Districts let teachers decide if they will air Obama's 2nd back-to-school speech Tuesday
Local public school officials are leaving it up to teachers whether to watch President Barack Obama's back-to-school speech this morning, Sept. 14.
The president's first back-to-school speech in 2009, which encouraged students to study hard and stay in school, caused controversy throughout the country, as well as locally.
None of the three local school districts showed Obama's speech in 2009 because of concerns about the accompanying lesson plans, lack of technology to stream the speech live or district procedures regarding classroom speakers.
Not much has changed this year. Prescott, Chino Valley and Humboldt school districts will not stream the speech live.
However, teachers have the option to show the president's speech in their classrooms.
"Some PUSD teachers may be showing President Obama's speech in their classroom, if it directly correlates to curriculum and/or student learning," PUSD Superintendent Dave Smucker said. "To do so, they must receive principal approval. Parents may choose to opt out of having their children view the President's speech. If they do so, the child will receive an alternative appropriate lesson."
CVUSD Superintendent Duane Noggle told The Daily Courier he had not heard anything about Obama's speech.
However, Noggle indicated that if a teacher wants to, he or she "may use the speech as part of their lesson. We are not requiring it be shown nor are we denying its use as part of a lesson plan. Teachers will make the decision as to the appropriateness of inclusion in lesson planning."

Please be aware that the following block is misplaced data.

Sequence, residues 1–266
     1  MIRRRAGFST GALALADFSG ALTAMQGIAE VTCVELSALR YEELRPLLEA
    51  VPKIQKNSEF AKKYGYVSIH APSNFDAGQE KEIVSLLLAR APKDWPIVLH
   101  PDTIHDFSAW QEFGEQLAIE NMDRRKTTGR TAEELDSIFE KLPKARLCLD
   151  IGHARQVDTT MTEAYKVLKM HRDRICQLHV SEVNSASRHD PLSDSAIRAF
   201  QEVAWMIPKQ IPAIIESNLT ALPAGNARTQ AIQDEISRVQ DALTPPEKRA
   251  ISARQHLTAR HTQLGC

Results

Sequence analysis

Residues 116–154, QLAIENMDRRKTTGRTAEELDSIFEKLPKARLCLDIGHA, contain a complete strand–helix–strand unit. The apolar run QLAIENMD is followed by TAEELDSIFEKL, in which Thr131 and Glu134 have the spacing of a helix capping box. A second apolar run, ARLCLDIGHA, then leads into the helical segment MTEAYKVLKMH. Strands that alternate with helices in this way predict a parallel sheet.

At Kestrel High School, Principal Sue Foglia's American History and government teachers will show the speech as part of their lesson plan.
American History teacher Rick Derman said it is important for students "to know where we all come from. At the beginning of the year, I do a genealogy unit that shows students their families come from all over the country and the world. They may live in a small town in Arizona, but they are connected to the rest of the country."
According to Derman, many students are considering entering the military and "unless they understand the Constitution and the freedoms we enjoy, they are missing something."
Derman noted that part of becoming a responsible citizen is keeping up with current events and speeches.
"Today's event is tomorrow's history," he explained.
For some school districts, public and charter, the decision to stream the president's speech is a matter of available technology, or the lack of it.
At Mountain Oaks Charter School, Principal Cindy Roe said the school does not have the necessary equipment to show the speech to every class.
"Last year, the eighth graders watched the speech on two computers and we crowded as many other students into the classrooms as possible. We have no plans to show the speech school-wide. We don't have the technology; we don't have televisions," Roe said.
HUSD does not have the technology to "stream live the President's back-to-school address," reported Mariela Bean, the district's public relations director.
"Teachers who wish to do so may tape it and use it within the content of academic standards and student learning," she noted.
An employee at Prescott Valley Charter Schools indicated that the schools would not show the president's speech. The Daily Courier was unable to reach school officials for further comment.